Editat: abr. 26, 2020, 8:01am

Land-dwelling insects are definitely declining the authors say, while bugs living in freshwater are increasing..."We believe that because we see these increases in fresh water insects, that are related to legislation being put in place, it makes us hopeful that if we put in place the right types of legislation for land insects we can also make them recover...The nice thing about insects is that most have incredibly large numbers of offspring, so if you change the habitat in the right way we will see them recover really fast." ( Dr Roel Van Klink, from the German Centre for Integrative Biodiversity Research )

margd: Fresh water insects are doing okay for now, but with CO2 acidification, those in non-limestone (un-buffered) basins will face their own apocalypse within decades, I fear... Even now, because of climate change nesting swallows (insectivores) are often out of sync with emergence of aquatic insects, and nesting success suffers.

Nature crisis: 'Insect apocalypse' more complicated than thought
Matt McGrath | 23 April 2020

The global health of insect populations is far more complicated than previously thought, new data suggests.

Previous research indicated an alarming decline in numbers in all parts of world, with losses of up to 25% per decade.

This new study, the largest carried out to date, says the picture is more complex and varied.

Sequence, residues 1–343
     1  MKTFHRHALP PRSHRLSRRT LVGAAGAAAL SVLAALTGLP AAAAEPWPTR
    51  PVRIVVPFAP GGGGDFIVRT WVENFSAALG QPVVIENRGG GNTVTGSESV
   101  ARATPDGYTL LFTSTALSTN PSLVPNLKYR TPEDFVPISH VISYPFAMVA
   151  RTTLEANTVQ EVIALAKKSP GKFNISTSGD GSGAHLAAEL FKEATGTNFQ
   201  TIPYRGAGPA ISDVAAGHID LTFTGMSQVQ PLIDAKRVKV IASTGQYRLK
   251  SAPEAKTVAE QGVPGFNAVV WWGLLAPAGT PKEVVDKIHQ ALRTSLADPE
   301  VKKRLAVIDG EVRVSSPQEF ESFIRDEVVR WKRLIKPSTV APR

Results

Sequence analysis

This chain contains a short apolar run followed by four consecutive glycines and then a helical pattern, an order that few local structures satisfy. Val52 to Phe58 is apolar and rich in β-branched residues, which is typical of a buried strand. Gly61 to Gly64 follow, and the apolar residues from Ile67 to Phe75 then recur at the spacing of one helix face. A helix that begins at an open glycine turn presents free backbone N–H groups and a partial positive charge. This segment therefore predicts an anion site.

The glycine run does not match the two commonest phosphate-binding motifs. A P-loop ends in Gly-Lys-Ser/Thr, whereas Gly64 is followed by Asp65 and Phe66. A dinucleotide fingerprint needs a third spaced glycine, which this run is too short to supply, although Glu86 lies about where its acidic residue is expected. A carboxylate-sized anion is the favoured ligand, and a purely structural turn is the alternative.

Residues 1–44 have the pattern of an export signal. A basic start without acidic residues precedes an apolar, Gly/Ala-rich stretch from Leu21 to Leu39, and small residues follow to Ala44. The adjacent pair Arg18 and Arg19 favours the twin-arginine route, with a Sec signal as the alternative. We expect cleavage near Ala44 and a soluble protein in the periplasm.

Land-dwelling insects are definitely declining the authors say, while bugs living in freshwater are increasing.

...This new study, the largest on insect change to date, aims to give a more complete understanding of what's really happening to bugs worldwide.

Drawing on data from 166 long-term surveys across 1,676 sites, it paints a highly nuanced and variable picture of the state of insect health.

The compilation indicates that insects like butterflies, ants and grasshoppers are going down by 0.92% per year, which amounts to 9% per decade, lower than many published rates.

This is not as bad as previous reports but the authors stress that it is still substantial.

"That is extremely serious, over 30 years it means a quarter less insects," said lead author Dr Roel Van Klink, from the German Centre for Integrative Biodiversity Research. "And because it's a mean, there are places where it is much worse than that."

...The losses were strongest in the US West and Midwest and in Europe, especially in Germany.

...However while many land-based species are declining, the new study shows that insects that live in fresh water, like midges and mayflies, are growing by 1.08% per year. This positive trend was strong in northern Europe, in the western US and since the 1990s in Russia. The researchers believe this is because of legislation that has cleaned up polluted rivers and lakes.

...While the findings are complicated the authors believe they offer hope for the future.